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Noah’s arc of history

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Noah “please confirm my good friend and potential future hirer of my favorite students Amy Coney Barrett” Feldman ups the ante, coming out against judicial reform measures by offering readers a fantasy alternative history of the Supreme Court:

Behind all of these questions lurks a deeper one: Does the Supreme Court really need reform? It’s worth remembering that the undoubtedly conservative Supreme Court that has existed over the last 30 years give us gay rights, gay marriage, and now statutory protection for the rights of trans people. 

This is exactly the remarkably successful con Republicans have run throughout this period — letting conservative outrage/liberal celebration over a few high-profile liberal decisions give them a incredible deal where the Supreme Court churns out mostly reactionary outcomes, but liberals both like the Court more and are less likely to mobilize around it. Donald Trump probably owes his election to this dynamic.

But please stop kidding yourself — it’s completely false. I will be doing some posts about it when we discuss in my Supreme Court later this quarter, but Adam Cohen’s Supreme Inequality does a marvelous job of detailing the countless ways in which the Court has been producing pro-business, anti-civil rights, and anti-civil liberties outcomes since constitutional hardball allowed Nixon to quickly take over the Court in 1970.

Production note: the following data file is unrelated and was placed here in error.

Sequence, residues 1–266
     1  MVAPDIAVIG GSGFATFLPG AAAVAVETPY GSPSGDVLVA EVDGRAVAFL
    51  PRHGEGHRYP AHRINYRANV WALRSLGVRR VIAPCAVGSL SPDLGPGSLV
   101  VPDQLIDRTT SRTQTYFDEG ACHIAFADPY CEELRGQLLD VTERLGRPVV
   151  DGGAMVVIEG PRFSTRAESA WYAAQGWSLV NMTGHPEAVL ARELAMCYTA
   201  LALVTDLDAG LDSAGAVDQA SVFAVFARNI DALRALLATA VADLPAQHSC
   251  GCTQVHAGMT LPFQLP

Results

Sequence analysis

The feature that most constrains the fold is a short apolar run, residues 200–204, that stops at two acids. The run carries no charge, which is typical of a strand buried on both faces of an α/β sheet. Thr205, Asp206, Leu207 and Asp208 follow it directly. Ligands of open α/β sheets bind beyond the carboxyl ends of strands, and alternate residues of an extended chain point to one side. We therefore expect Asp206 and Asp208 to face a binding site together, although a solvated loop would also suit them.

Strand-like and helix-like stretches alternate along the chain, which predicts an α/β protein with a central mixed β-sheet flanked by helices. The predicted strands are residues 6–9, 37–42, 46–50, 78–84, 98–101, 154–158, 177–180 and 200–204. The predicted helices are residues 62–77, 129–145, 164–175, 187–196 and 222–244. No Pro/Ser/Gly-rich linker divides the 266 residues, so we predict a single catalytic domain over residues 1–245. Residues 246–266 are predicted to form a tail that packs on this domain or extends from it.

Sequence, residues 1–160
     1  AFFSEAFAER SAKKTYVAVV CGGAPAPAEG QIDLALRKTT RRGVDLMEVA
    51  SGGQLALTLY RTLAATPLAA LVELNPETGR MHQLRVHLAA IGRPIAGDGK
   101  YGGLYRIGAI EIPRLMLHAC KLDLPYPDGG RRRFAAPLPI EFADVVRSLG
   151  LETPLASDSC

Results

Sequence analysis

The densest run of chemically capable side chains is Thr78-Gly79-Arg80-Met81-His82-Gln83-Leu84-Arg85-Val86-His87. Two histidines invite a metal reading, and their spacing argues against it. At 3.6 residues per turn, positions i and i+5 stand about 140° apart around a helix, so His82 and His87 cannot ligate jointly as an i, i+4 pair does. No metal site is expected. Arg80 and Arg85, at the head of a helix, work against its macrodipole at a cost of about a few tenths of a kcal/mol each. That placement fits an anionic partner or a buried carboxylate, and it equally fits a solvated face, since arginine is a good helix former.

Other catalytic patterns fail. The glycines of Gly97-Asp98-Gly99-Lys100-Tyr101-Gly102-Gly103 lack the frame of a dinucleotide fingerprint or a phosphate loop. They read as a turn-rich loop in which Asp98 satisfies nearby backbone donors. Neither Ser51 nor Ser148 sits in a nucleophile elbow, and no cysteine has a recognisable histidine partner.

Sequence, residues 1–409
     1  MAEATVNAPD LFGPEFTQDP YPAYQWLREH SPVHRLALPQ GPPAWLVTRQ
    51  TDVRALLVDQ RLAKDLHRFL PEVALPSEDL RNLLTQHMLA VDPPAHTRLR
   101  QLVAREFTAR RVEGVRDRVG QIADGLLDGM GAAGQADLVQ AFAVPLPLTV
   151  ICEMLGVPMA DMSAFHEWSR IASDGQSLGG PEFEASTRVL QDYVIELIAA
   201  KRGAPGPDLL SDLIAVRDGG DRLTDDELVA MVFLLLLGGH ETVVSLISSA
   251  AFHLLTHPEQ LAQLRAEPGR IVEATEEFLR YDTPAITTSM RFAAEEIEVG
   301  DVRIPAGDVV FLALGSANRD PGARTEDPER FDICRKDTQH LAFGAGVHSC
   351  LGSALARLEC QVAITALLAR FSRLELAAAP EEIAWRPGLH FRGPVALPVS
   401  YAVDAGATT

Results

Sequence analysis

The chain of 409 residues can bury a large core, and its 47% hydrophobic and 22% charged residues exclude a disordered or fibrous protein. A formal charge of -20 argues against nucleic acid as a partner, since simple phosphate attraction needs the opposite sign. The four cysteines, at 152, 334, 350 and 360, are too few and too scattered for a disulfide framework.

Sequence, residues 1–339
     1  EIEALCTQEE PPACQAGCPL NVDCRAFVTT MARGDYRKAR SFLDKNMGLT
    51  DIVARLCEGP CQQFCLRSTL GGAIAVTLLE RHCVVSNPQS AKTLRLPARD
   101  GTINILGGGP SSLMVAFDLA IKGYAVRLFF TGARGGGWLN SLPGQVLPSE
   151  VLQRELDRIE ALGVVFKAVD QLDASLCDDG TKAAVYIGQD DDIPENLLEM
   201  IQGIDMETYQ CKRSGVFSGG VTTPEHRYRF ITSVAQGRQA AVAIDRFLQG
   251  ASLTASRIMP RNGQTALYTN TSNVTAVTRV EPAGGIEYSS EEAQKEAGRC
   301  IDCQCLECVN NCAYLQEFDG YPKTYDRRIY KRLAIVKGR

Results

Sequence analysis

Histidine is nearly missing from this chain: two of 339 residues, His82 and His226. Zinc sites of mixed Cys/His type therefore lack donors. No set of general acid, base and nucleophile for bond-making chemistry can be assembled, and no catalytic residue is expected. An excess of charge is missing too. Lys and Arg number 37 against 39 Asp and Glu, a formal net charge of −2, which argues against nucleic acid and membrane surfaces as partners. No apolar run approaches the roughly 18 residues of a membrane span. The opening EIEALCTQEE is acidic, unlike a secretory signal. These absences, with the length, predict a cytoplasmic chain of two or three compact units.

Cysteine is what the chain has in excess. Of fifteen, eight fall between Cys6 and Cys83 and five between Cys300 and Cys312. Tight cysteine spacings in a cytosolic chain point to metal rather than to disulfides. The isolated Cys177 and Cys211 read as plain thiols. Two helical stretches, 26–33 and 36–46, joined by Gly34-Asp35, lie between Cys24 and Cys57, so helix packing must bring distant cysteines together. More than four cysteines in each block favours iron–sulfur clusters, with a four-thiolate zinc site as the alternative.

The same court has chipped away at affirmative action, but has not (yet) eliminated it. Ditto for abortion rights.

Even as a defense of the Rehnquist and Roberts Courts, this is pretty thin gruel. The Court only sometimes issues ridiculous opinions striking down innocuous affirmative action programs! It has forced states to limit abortion by creating an elaborate regulatory obstacle course rather than outright bans! And, of course, as soon as Coney Barrett is confirmed the “yet” will become moot.

But again this shows the extent to which the fake-minimalist practice of hollowing out precedents while nominally retaining them has been a huge PR coup for the Republican Court. Brown v. Board has effectively been a dead letter since 1974 — but sunny liberal defenses of the Court won’t even mention it because everybody pretends that it remains the source of bipartisan consensus.

Also, there’s a pretty big Roger Taney still hanging in the air and…

Yes, it eviscerated the Voting Rights Act, but in a way Congress could repair if it so chose.

LOLOLOLOLOLOLOLOLOLOLOLOLOLOLOL. Seriously who could possibly believe that there’s any preclearance formula that Roberts — who deliberately didn’t even specify a standard of review precisely so he could keep both the “equal sovereignty” and “congruence and proportionality” “doctrines” handy to strike down and formula that covered between 0 and 52 states — would approve. You can only wonder to what extent Feldman is lying to his readers and lying to himself.

The key text here is Mark Tushnet’s post-Bush v. Gore article, in which he outlines the strategies certain legal liberals will use to rationalize literally anything, because the alternative is admitting that the CLS account of Supreme Court decision-making is basically right.